Management of nonunion of lower-extremity long bones using mono-lateral external fixator—report of 37 cases

Raj Kumar Harshwal, Sohan Singh Sankhala, Divesh Jalan
Injury 2014, 45 (3): 560-7

INTRODUCTION: The management of nonunion has remained a constant challenge. The associated bone defect, shortening, deformity and infection complicate the management. A mono-lateral external fixator may minimise some of the problems frequently encountered in these patients. We report our results of prospectively evaluated 37 consecutive patients regarding nonunion of lower-extremity long bones managed using a mono-lateral external fixator.

PATIENTS AND METHODS: A total of 37 patients (7 femurs and 30 tibias), mean age 36 years, were stabilised using a mono-lateral fixator for nonunion of long bones. The mean time since injury was 8 months. Fifteen cases were infected and they received debridement and antibiotic treatment as per culture and sensitivity reports. In cases where the bone gap or shortening was >3 cm in the tibia and >5 cm in the femur, corticotomy and bone transport (bifocal procedure) was done and in the remaining cases, only compression-distraction (monofocal procedure) was done. The bone and functional results were assessed at the end of treatment according to the criteria described by Paley et al.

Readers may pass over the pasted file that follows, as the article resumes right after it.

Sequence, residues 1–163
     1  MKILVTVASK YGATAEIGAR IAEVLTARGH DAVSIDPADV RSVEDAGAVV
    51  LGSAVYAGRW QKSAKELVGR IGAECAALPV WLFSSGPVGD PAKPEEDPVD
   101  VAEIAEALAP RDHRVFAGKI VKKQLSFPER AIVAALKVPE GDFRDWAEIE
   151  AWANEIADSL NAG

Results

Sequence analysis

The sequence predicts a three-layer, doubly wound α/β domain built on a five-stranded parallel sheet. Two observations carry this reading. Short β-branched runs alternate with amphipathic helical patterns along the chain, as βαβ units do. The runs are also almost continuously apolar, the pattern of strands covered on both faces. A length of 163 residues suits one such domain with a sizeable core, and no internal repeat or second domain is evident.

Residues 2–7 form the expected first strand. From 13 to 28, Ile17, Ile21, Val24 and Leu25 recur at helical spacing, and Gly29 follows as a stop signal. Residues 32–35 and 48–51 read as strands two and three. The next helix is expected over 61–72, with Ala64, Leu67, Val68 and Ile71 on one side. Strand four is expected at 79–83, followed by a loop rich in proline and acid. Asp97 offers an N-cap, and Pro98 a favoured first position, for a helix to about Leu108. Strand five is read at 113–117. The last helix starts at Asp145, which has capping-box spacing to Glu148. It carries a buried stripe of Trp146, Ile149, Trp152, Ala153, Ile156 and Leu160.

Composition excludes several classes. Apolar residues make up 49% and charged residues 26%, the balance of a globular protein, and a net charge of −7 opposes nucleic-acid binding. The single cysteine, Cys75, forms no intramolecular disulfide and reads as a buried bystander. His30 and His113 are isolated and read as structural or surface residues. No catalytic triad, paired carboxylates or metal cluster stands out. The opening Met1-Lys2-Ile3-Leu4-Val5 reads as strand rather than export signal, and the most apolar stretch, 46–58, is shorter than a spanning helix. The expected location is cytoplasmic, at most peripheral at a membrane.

RESULTS: Union was achieved in 34 cases (91.9%). The average time for union was 5 months. Five cases were treated with the bifocal method and 32 cases were treated with the monofocal method. The average length gain in the bifocal method was 5.7 cm, mean duration of treatment was 8.2 months and bone healing index (BHI) was 1.44 months cm(-1). In six cases, the monofocal treatment was used for limb lengthening. The average length gain was 1.9 cm, mean duration of treatment was 4.83 months and BHI was 2.5 months cm(-1). Bone grafting was required in two cases at the docking site. The bone results were excellent in 24 cases, good in nine cases, fair in one case and poor in three cases. The functional results were excellent in 27 cases, good in six cases, fair in one case and poor in three cases. The most common complication in this series was pin-tract infection (11.5%).

CONCLUSIONS: A mono-lateral external fixator is an effective method for treating nonunion in the lower extremity with or without bone loss. The nonunion site can be carefully controlled with simultaneous correction of angulation and length.

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